LONDON - Aluminium prices fell to 17-month lows on Tuesday as a strong dollar and worries over economic growth overshadowed production cuts in Europe.
The dollar was close to 20-year highs, which makes dollar-priced metals costlier for buyers in other currencies.
Pushing it up are an energy crisis in Europe and strict COVID-19 controls in China that have slowed economic activity and hammered the euro and yuan.
Sky-high energy prices in Europe have forced smelters to reduce output - with France's biggest aluminium smelter on Tuesday becoming the latest to cut -- but they also harm other industries, shrinking demand.
Benchmark aluminium on the London Metal Exchange (LME) was down 1% at $2,262 a tonne in official open-outcry trading.
The metal used in construction, transport and packaging is down almost 45% from a high in March and down 19% this year.
Prices are unlikely to recover until the dollar stops rising, said Saxo Bank analyst Ole Hansen.
"Metal consumption should decline, driven by a Europe-led downturn in the months ahead," analysts at Citi said.
But Citi said supply cuts may still push aluminium higher.
Aluminium smelters in Europe have cut capacity by a million tonnes since energy prices began rising in 2021 and analysts are braced for more.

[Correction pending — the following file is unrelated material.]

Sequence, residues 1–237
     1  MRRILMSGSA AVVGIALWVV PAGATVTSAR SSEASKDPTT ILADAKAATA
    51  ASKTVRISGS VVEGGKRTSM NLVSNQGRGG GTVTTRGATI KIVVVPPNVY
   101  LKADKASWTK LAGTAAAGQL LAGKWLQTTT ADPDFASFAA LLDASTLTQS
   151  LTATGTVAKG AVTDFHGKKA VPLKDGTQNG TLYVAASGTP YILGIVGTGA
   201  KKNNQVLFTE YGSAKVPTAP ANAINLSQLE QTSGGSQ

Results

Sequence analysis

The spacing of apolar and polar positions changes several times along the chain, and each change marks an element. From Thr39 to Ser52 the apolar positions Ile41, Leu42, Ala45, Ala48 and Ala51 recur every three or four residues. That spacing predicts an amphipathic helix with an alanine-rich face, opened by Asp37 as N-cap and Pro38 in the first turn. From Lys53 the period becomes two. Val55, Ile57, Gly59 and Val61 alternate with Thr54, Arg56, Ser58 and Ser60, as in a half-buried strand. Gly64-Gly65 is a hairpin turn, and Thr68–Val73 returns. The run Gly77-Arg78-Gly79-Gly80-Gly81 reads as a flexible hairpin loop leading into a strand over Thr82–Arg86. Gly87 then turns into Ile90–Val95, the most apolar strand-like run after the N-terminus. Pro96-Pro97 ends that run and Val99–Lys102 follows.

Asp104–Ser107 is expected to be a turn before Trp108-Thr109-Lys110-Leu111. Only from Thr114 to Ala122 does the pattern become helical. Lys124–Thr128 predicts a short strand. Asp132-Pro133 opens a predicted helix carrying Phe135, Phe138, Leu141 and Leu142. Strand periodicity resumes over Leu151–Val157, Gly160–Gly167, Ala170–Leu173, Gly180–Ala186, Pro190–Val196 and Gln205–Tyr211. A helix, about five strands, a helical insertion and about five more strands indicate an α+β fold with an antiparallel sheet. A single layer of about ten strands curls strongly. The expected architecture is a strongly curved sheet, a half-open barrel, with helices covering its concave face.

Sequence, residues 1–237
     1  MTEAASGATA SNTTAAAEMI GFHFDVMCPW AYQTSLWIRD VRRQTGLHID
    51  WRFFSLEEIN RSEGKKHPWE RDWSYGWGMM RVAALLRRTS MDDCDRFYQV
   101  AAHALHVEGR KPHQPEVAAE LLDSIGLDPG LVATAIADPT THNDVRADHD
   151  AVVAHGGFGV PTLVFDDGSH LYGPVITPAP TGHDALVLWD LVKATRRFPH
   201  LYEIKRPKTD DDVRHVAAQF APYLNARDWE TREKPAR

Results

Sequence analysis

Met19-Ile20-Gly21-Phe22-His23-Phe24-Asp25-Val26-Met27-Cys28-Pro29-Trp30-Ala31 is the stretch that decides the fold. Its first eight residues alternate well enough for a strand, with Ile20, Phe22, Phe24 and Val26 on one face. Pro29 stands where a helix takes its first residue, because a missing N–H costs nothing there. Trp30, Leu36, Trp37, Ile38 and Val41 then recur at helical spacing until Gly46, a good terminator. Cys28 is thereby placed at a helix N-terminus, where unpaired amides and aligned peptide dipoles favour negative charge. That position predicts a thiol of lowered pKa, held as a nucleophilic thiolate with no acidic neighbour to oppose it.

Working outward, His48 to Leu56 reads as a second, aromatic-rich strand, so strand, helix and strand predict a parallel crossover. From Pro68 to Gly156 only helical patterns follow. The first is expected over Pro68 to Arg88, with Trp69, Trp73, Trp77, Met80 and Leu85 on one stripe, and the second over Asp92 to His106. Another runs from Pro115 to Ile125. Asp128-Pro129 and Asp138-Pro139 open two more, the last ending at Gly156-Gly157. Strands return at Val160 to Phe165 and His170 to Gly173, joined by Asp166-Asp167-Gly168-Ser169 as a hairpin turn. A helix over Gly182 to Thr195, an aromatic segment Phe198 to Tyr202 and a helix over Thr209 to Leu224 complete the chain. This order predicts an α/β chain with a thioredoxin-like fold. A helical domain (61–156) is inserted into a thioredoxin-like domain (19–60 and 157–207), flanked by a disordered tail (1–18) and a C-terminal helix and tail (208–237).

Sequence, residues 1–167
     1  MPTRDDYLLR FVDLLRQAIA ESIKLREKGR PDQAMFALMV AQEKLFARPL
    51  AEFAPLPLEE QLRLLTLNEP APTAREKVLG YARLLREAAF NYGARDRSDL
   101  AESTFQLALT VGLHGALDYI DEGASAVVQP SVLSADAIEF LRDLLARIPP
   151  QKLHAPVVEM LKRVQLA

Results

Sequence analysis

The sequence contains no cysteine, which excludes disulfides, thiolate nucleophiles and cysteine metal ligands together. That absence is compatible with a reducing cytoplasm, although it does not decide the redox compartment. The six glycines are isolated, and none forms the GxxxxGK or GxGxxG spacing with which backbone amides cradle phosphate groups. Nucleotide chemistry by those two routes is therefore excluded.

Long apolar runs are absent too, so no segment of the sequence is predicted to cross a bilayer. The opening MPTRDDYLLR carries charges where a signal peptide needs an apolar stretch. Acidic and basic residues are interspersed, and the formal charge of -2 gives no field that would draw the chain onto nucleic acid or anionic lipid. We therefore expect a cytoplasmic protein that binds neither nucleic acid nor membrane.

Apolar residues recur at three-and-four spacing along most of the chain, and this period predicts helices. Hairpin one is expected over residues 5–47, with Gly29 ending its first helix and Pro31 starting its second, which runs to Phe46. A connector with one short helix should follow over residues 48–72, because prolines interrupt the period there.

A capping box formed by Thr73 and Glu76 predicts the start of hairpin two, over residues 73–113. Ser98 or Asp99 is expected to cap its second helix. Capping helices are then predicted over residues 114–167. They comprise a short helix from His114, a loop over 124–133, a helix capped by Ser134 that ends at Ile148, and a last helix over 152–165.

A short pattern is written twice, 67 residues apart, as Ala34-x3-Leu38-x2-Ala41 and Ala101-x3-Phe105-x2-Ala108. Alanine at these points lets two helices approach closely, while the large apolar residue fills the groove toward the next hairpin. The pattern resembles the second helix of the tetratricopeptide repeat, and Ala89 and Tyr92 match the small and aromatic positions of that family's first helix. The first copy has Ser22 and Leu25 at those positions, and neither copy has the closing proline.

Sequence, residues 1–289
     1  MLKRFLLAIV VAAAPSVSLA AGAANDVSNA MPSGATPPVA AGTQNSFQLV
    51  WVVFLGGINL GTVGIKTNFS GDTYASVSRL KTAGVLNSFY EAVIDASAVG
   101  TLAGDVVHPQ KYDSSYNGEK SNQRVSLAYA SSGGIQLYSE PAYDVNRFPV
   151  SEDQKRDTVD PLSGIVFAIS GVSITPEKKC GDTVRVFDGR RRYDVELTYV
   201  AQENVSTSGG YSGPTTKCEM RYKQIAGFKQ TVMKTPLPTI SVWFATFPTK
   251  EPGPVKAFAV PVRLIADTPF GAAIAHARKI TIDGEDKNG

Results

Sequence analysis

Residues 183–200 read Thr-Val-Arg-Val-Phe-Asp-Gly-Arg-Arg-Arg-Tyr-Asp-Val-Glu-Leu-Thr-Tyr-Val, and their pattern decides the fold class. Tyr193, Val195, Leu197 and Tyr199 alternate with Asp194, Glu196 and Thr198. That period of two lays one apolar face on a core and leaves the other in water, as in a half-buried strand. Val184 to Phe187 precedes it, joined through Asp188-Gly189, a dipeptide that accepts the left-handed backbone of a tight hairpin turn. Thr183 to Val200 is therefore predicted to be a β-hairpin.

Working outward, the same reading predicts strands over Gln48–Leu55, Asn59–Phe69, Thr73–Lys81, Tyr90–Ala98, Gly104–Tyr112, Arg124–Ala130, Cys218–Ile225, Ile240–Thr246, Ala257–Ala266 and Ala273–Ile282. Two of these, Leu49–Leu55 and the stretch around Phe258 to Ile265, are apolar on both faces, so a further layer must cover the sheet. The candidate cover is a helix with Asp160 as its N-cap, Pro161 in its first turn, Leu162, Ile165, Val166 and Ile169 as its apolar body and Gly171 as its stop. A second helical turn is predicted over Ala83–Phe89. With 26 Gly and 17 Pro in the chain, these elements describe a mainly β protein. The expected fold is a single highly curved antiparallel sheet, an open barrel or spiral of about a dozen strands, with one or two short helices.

On Tuesday, a source said France's Aluminium Dunkerque would cut production by one-fifth and Norsk Hydro said it would keep a small portion of its capacity in Norway offline after maintenance.
However, aluminium stocks in LME-registered warehouses rose by 31,325 tonnes to 308,375 tonnes on Tuesday, easing supply worries.
LME stocks are down from almost 2 million tonnes in March 2021 but outflows have halted in recent weeks.
In China, meanwhile, the central bank moved to support the yuan and officials signalled a renewed sense of urgency on economic stimulus that should support metals demand.
LME copper was down 0.1% at $7,650 a tonne, zinc fell 1.1% to $3,164, nickel slipped 0.3% to $21,400, lead rose 1.1% to $1,896.50 and tin was down 1% at $21,400.
(Reporting by Peter Hobson; edditional reporting by Mai Nguyen in Hanoi; editing by Susan Fenton and Jason Neely)